BRUNSWICK, Ga. (Reuters) – Two white men on trial in the killing of Ahmaud Arbery were shown surveillance video of the Black man walking around a half-built house in their southern Georgia neighborhood 12 days before they chased and shot him, a jury heard on Friday.
“Nobody seems to know who this kid is or where he’s coming from,” Robert Rash, a Glynn County police officer, told the two men, Gregory McMichael and his son Travis McMichael, on the night of Feb. 11, 2020, after showing them the clips, according to body-worn camera video played in court.
The McMichaels and their neighbor William “Roddie” Bryan have pleaded not guilty to murder, aggravated assault and false imprisonment for the shooting, cellphone video of which sparked outrage when it emerged more than two months later.
They face life in prison if convicted of murder at the trial in Glynn County Superior Court in Brunswick, a small city in coastal Georgia.
The men say they thought Arbery might have been the same man caught on camera in the half-built house when he ran past the McMichaels’ driveway in Satilla Shores, a leafy, mostly white residential community outside Brunswick, on Feb. 23, 2020.
They pursued him in pickup trucks for several minutes before the younger McMichael pointed a shotgun and fired as Arbery ran toward him and reached toward the weapon. Their lawyers say this was justified self-defense, while prosecutors say the men “assumed the worst” about a Black man out for an afternoon jog.
Arbery was first captured on security cameras going into the house under construction in Satilla Shores on the night of Oct. 25, 2019. Larry English, the property owner, previously testified he wanted police to identify the man in the videos and tell him he was trespassing and not to enter the property again.
Arbery was recorded again walking around the unfenced construction site on Nov. 18, 2019, though once again nothing was taken that day, according to English. Rash told the jury he would show screenshots of the videos to people as he made his rounds but no one was ever able to identify him.
On Dec. 20, 2019, Rash saw Greg McMichael, whom he knew from McMichael’s old job as an investigator for the local district attorney, in front of his house.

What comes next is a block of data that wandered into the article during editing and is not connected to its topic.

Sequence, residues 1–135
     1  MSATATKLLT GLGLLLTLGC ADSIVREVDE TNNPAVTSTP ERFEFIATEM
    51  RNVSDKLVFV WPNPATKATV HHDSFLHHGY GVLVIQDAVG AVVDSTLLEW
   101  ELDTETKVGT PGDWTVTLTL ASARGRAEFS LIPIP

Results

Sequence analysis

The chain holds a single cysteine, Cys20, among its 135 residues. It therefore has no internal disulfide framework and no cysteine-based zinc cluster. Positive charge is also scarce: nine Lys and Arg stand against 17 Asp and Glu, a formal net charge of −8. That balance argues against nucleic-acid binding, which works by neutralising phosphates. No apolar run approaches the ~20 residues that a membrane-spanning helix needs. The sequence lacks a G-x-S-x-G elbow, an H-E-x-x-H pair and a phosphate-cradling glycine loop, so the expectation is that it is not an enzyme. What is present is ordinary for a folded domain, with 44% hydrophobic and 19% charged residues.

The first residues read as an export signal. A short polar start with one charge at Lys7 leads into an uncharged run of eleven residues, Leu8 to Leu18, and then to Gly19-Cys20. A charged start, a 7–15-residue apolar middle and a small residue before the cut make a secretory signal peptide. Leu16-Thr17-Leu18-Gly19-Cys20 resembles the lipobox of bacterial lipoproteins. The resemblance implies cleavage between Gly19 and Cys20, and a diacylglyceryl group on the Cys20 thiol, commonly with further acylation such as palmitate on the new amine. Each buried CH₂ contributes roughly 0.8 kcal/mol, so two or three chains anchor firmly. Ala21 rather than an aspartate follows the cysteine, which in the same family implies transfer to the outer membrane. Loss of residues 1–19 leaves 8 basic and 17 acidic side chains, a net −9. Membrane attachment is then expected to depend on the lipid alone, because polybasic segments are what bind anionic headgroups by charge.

“I talked to him in reference to the unidentified Black male,” Rash said.
McMichael asked the officer to give his cellphone number to English. Rash said he did this because McMichael had the “training and experience” to be a good witness to make a helpful call to 911 if the man returned.
Prosecutor Linda Dunikoski asked if Rash was deputizing McMichael. Rash said no.
“So you wanted him to be a witness, to get this guy identified?” Dunikoski asked.
“Yes,” Rash said.
Prosecutors are seeking to rebut a defense argument that the men were trying to make a citizen’s arrest on Arbery under a now-repealed Georgia law. That law required there to be reasonable belief that someone is fleeing from a serious felony crime they just committed.
On the night of Feb. 11 neighbors saw Arbery again on the property, and Travis McMichael rushed over with his gun and saw Arbery briefly in his car headlights.
Rash soon arrived on the scene and played for the McMichaels some of the videos English had sent to his cellphone.
“This guy’s always on foot, nobody in the neighborhood knows who he is,” Rash tells the McMichaels, according to video from his body-worn camera. He tells them that English has only ever seen Arbery nosing around. “He hasn’t seen him actually take anything,” Rash says.
“It’s criminal trespassing,” Gregory McMichael replies. Criminal trespass is a misdemeanor in Georgia law.
“Yeah, yeah, at the very least,” Rash agrees.
(Reporting by Jonathan Allen and Rich Mckay, editing by Ross Colvin, Howard Goller and Grant McCool)